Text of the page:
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Don’t Hate the Player, Hate the Game

In a nation that looks to professional sports for everything that it is missing—heroism, greatness, collective triumph—the spate of labor disputes that continue to rock pro leagues offers some sobering lessons.
Κείμενο Jarrod Shanahan

Organized workers in the United States are down but not out. While Scott Walker sleeps peacefully in the Wisconsin Governor’s Mansion having survived a recall effort, renegade Wal-Mart workers have walked off their jobs at the nation’s foremost union-busting corporation for the first time in that company’s 50-year history. While teachers in New Jersey may have their work cut out with Governor Bobby Bacala, teachers in Chicago have stood up and revealed the city’s cool dad, Rahm Emmanuel, to be no friend to labor–and a Nickleback fan to boot. When faced with complex and depressing political questions, most Americans do the sensible thing and turn to the sports page. Unfortunately for them, this shit is going on there too.


There probably won’t be an NHL season this year. Maybe that’s a good thing, but neither the owners nor the NHL players are looking good after this past week of negotiations. Meanwhile in the NFL, the notorious replacement referees have been sent back to calling games for the Harlem Globetrotters, and the professional refs are enjoying the kind of appreciation that can only come from people realizing how much worse things are without you. In a nation that looks to professional sports for everything that it is missing—heroism, greatness, collective triumph—the spate of labor disputes that continue to rock pro leagues offers some sobering lessons.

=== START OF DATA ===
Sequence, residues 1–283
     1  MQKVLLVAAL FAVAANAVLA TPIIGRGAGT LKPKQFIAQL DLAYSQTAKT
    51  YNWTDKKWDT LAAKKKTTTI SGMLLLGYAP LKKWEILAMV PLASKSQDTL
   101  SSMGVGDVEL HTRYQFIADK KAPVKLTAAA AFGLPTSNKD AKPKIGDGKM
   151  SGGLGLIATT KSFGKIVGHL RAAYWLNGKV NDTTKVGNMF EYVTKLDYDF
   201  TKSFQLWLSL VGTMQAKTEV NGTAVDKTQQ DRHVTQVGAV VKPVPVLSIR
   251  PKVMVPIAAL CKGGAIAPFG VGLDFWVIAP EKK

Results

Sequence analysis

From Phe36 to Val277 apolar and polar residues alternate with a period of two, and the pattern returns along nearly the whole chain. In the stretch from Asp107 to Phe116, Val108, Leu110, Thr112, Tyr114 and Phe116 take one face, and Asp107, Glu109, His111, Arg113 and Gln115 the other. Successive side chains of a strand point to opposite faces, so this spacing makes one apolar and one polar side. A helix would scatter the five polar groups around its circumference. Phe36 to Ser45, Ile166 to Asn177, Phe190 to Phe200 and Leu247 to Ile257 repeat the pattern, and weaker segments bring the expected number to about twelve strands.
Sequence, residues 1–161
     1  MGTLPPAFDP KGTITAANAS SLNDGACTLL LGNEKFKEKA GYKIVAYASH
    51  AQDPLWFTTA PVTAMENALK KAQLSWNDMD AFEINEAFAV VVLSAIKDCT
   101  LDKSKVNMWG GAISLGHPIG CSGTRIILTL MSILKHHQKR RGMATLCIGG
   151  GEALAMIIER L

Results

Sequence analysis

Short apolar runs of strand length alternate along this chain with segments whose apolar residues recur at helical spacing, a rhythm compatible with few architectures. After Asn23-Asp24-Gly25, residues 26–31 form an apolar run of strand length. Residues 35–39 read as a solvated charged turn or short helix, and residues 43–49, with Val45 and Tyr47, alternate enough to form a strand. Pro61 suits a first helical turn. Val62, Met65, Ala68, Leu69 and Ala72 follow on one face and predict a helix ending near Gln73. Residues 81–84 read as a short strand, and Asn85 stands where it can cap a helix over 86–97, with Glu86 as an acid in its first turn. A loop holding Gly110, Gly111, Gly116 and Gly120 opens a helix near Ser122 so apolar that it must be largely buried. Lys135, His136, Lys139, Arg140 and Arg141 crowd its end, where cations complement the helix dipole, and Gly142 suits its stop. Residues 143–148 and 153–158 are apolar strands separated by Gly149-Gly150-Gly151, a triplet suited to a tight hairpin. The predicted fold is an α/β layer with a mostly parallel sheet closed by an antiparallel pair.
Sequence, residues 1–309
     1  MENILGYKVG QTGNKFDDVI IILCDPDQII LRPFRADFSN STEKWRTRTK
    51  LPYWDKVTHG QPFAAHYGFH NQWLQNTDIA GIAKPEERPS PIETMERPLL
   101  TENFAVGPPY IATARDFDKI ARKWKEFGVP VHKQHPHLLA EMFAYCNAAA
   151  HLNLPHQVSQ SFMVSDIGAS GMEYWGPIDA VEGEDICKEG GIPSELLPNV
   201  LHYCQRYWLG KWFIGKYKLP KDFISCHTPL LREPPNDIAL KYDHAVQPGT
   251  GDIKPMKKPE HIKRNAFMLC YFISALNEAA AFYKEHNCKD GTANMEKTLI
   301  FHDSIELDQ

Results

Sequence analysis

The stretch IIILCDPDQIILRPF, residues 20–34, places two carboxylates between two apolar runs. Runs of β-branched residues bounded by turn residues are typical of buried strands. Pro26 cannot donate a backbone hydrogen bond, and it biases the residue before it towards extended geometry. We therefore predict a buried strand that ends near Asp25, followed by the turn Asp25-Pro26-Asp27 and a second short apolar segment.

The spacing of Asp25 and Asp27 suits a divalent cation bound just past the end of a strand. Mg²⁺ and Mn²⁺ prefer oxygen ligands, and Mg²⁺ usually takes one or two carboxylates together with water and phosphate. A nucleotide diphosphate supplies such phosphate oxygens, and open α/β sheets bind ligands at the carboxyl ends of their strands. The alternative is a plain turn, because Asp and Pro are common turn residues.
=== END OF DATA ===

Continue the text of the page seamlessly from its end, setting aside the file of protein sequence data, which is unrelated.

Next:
The first lesson is that no matter how much you make, when you try to organize for better wages, benefits, and working conditions, you will always be told that you have enough to begin with, you have more than most, and that you are ungrateful. Ignore it. This is said of millionaire athletes as quickly as it’s said of service workers fighting for an increase in the minimum wage. When public sector workers like Chicago’s teachers organize, the union-busting press is eager to point to the private sector, where working conditions are even worse. Their solution is to bring everyone down to that abysmal level! It’s only fair.

Second lesson: It has become far too comfortable to be a scab laborer in the United States. “Replacement ref” is a kind euphemism. They were fucking scabs. This glaring reality was overshadowed by the fact that they were completely incompetent, and sure, when someone with such famously acute judgment as Bill Clinton weighs in on a bad football call, the ref was obviously wrong. But the real bad call these refs made was crossing a picket line, and nobody seemed too upset about that. When a group of workers at my job threatened to go on strike, the scabs were nonchalant about their intentions to cross the picket line. They were actually able to look us in the face. Scabbing used to be shameful in America. And it should be again.

Finally, big unions will always turn inward and say fuck everyone else. They will focus on getting their small class of workers what they need. The players and refs are taken care of, and that’s great. But what about the ticket takers, concession workers, and janitors? Sure, some of them are unionized, but many aren’t and would be quickly fired if they even tried to organize. The players aren’t the only workers in sports by a long shot. Players’ unions represent the narrow interests of professional athletes, not the interests of other workers who perform necessary labor that enables the on field exploits that fans crave.

It might be unrealistic to think that players’ unions would band together with janitors and fight for their collective interests. But facing the loss of job security, unemployment, underemployment, and the evisceration of the social safety net, the need for American workers to find commonality is as pressing now as it was a hundred years ago. The struggle of everyday workers, students, and unemployed to join together across these lines and to defy the narrow focus of the unions, will not appear on the sports page. But professional sports, for all of their provisions of fantasy, come down to real dollars, real jobs, and real decisions. It’s time for America’s workers to follow the lead of their heroes and get in the game.